David Gretzmier David Gretzmier is offline
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Jim, I appreciate your answers. I am glad none of your customers feel the need for lighting all night long. That will greatly extend the life of their system. I guess I just happen to have a high number of folks who are security conscious.

in addition to the all nighters, I have dozens per year who also are also pretty adamant about having the lighting on in the morning as well as evening. They have to go get the paper or they have coffee out on the back deck.

You are obviously comfortable with your answers, so I won't challenge them. For my own standards, LED just does not last long enough compared to every other thing I have done in landscape outside. When it comes to stuff I do that dies in it's own time, I need a longer clock.

I do think that LED's will approach that in the next 5 years. we will be hitting a theoretical ceiling on lumens per watt around then, and longevity as opposed to efficiency will be getting r&d dollars.

also, as incan's disappear, more and more consumers will enter the purchasing realm of longer lasting bulbs. manu's will want to sell to them and have the longest life hour claim.
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Old 06-09-2012, 07:12 AM
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Thank you for posting those links Jim
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  #50  
Old 06-09-2012, 09:38 AM
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INTEGRA Bespoke Lighting INTEGRA Bespoke Lighting is offline
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I would highly recommend that you guys join the AOLP and attend the Annual Conferences, paying close attention to the LAMP program that they offer. I have been involved along with Illumicare Group in the past two LAMP programs and the information and revelations have been illuminating to say the least.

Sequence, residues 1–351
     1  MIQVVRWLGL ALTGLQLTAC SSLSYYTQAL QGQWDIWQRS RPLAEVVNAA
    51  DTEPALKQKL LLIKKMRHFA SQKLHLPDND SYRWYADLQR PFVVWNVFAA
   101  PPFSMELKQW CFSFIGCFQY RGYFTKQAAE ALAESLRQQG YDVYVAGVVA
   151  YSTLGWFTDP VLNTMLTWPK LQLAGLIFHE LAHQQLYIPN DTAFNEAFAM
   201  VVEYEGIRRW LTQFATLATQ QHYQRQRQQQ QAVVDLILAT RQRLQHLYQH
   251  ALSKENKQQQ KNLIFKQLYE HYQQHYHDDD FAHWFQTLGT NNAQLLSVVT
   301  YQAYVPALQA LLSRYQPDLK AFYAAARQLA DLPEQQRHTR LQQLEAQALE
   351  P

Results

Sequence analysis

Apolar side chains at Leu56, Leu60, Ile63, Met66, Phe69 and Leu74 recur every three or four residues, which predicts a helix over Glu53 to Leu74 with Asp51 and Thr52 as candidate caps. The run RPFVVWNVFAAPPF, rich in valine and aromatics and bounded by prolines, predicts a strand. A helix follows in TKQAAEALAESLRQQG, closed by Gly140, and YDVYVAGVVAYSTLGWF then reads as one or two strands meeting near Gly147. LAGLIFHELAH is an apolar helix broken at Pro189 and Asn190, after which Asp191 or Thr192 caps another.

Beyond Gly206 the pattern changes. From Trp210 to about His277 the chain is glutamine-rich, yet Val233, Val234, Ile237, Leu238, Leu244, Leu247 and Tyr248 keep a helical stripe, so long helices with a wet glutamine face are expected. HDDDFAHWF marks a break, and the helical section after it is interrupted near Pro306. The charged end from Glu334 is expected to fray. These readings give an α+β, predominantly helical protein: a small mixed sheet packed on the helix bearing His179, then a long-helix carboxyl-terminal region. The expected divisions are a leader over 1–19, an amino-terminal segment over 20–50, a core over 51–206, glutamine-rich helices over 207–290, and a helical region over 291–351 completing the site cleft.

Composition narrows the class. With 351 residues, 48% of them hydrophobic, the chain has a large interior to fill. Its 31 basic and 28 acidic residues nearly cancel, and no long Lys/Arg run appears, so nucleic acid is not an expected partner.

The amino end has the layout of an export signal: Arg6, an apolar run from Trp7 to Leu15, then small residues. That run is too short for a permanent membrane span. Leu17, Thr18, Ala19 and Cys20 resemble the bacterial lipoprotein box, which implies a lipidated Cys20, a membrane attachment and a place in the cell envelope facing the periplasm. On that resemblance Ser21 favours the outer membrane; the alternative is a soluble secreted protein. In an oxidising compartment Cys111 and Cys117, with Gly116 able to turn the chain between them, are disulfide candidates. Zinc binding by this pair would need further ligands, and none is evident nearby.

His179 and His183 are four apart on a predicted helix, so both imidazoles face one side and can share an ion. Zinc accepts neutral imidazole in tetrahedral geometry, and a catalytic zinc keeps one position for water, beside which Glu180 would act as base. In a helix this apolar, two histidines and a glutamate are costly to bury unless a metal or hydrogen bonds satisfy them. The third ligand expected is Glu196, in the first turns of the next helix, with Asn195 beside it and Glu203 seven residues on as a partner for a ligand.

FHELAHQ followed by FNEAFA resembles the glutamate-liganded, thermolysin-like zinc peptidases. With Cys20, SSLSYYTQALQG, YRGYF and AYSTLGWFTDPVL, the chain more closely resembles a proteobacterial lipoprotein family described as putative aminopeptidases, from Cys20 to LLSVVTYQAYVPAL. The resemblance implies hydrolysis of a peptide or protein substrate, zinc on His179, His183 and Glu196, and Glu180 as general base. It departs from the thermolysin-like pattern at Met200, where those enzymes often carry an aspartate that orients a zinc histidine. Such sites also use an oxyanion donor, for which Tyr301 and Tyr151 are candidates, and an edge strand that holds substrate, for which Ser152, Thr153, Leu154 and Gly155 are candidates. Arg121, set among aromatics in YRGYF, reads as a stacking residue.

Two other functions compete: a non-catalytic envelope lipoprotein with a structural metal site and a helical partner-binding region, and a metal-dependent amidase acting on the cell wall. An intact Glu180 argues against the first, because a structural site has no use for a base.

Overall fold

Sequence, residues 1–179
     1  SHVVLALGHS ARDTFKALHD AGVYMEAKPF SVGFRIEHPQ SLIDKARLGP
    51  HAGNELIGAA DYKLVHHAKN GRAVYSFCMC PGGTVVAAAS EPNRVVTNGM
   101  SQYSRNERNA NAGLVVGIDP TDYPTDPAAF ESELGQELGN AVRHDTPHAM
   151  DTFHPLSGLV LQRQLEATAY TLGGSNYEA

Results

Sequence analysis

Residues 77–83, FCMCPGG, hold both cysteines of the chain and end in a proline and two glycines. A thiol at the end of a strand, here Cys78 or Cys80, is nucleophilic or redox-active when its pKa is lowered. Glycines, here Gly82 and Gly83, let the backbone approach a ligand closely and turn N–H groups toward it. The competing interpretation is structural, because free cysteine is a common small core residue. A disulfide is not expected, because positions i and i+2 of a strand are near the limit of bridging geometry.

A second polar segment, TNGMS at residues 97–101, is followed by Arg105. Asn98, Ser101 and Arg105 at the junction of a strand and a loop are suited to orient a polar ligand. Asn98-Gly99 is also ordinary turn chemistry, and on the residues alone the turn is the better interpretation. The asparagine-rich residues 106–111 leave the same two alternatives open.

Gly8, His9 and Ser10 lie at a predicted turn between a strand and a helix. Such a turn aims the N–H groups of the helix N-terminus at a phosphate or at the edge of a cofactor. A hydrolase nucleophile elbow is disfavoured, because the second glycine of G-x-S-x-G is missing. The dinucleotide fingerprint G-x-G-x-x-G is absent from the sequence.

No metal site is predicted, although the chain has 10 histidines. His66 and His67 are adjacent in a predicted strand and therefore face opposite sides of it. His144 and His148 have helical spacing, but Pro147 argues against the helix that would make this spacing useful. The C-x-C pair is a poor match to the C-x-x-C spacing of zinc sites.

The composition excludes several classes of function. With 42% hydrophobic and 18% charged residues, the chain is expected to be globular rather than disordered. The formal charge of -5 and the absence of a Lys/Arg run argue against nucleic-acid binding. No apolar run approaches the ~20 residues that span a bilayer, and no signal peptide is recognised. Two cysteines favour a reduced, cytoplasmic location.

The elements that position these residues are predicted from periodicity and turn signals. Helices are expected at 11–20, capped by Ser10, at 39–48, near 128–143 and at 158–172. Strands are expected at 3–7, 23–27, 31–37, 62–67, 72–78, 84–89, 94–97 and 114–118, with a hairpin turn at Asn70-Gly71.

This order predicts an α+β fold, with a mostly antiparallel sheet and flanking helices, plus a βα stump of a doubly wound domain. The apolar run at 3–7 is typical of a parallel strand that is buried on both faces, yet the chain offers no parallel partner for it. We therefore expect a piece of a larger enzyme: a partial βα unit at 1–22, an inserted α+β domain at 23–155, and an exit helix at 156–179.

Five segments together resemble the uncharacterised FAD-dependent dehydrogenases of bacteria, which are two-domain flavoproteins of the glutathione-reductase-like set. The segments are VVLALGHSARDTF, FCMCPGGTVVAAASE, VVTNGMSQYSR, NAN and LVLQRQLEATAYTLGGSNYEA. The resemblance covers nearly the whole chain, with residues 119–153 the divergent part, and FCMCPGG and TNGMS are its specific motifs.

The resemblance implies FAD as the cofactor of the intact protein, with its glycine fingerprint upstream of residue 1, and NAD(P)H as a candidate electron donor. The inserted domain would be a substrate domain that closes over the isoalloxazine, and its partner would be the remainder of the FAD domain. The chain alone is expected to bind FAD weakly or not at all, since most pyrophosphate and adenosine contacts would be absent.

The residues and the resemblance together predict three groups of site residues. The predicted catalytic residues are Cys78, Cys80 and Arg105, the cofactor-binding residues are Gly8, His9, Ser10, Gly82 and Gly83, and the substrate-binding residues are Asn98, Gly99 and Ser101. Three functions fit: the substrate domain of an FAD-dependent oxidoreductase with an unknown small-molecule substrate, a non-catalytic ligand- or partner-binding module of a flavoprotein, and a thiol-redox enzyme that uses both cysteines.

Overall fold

In the program we take a wide variety of incandescent and LED lamps and do "real world" comparisons. The one thing that most have taken away from the program is that there is no standard or reference lamp from which to base your comparisons. The differences between same spec. halogen lamps are in some cases more noticeable and remarkable than the differences between same spec. LED lamps.

In terms of LED output, a lot of the information posted in this thread has been 'almost right'. I wish I had the time to go through each and every post and comment, but I am simply swamped with work & family commitments. My best advice to those of you who are using LED sources (I am thinking that is now everyone in North America except David. ) is to find a manufacturer of LED lamps or Fixtures that you like and stick with them. This will help to ensure that your projects are all in the same colour, hue and intensity. Nothing looks worse (to my eye) than seeing a project that has a mish-mash of colour temperatures... all close but not spot on. I see it more and more and it just looks like a dog's breakfast IMO.